Searching for Qantas first class award availability between the US and Australia is about the only time where it really is the case that you need to grab the space as soon as a flight is loaded into the reservation system.
The problem is that Qantas loads their inventory ~ 3 weeks before American AAdvantage lets you have access to it. (American won’t access schedules more than 331 days out.) So Qantas members — and indeed British Airways and Cathay Pacific members, for instance — can book these award seats that are made available, while American’s members just have to wait and hope.
It used to be the case that Alaska Airlines miles could be used when a partner loaded seats, even if Alaska’s own schedules hadn’t been loaded yet. So say 350 days out you could grab Qantas first class, and call back at 331 days out when Alaska loads its own schedules to add any Alaska Airlines connecting flights you may need. Alaska would even make that change without a fee. The ability to do that ended when Alaska introduced one-way awards on partners and online partner booking about a year and a half ago.
Since premium cabin award seats to Australia are one of the toughest awards to begin with, especially non-stop between the U.S. and Australia (and not transiting Asia), since Qantas isn’t especially generous with those seats, and since Qantas’ and other members get a several week head start, you need a trick if you want to be able to grab them.
The Qantas A380 just launched service to Dallas and flies both Los Angeles to Sydney and Melbourne.
I’ve discussed this in the comments here on the blog, in other forums, in a talk on award booking that I gave with Lucky at Frequent Traveler University last April, and in the comments on other blogs but a search doesn’t seem to reveal having laid it out in its own post here.
Here’s what you can do:
- You can book Qantas first class award space using British Airways Avios. It’s crazy expensive. For instance, BA charges 150,000 points each way for first class Los Angeles – Sydney, plus fuel surcharges. A roundtrip runs 300,000 points plus ~ $900. Choke.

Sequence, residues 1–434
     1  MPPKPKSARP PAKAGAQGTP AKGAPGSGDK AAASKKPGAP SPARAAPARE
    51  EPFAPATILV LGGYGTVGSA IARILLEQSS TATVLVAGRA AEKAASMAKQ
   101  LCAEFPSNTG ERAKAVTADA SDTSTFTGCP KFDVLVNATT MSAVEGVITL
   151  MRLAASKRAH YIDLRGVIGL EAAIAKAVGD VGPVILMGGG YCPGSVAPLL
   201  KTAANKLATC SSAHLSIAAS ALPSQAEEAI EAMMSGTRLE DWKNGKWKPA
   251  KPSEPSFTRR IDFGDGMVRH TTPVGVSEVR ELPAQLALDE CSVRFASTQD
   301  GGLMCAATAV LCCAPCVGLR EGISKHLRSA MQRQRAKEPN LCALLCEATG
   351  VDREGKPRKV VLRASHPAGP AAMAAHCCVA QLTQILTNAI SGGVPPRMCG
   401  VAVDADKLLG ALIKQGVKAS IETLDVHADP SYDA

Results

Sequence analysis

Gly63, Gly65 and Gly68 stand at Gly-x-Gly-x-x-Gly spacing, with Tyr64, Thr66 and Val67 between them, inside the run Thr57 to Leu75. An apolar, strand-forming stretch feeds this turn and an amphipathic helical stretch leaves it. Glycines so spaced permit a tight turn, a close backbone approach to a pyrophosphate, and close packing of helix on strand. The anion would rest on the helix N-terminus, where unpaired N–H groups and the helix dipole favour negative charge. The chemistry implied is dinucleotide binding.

- Qantas inventory reliably gets returned to the same bucket when a seat gets cancelled. I can’t promise this will always be true of course, there’s always some risk, but it’s always worked for me.
- You book with British Airways points, if you have the points in your account to ‘hold’ the seat.
- When the American booking window opens, you cancel/refund the British Airways award. You will pay the British Airways award cancellation fee.
- Immediately book the seat at AA.com when it gets returned to inventory.
With most airlines, booking almost a year out, when you cancel award space it will return right back to inventory or at least will do so in a matter of minutes.
This is not a guarantee that it will get returned to inventory. But with Qantas it always has in my experience, and in the experience of others that I’ve talked to. So the trick has worked really well.
But, but, but… Loyal reader Barry P. shared an experience this week that gave me a little bit of pause about the technique. He cancelled Qantas first class award space and it didn’t go right back into inventory. It did not immediately re-appear for booking. He monitored it, and it apparently took over 24 hours to show back up.
Now this wasn’t for a completely empty cabin booking a year out, this was for travel a couple of months out. But it was an interesting data point nonetheless.
I’m looking forward to my own upcoming Qantas A380 first class trip…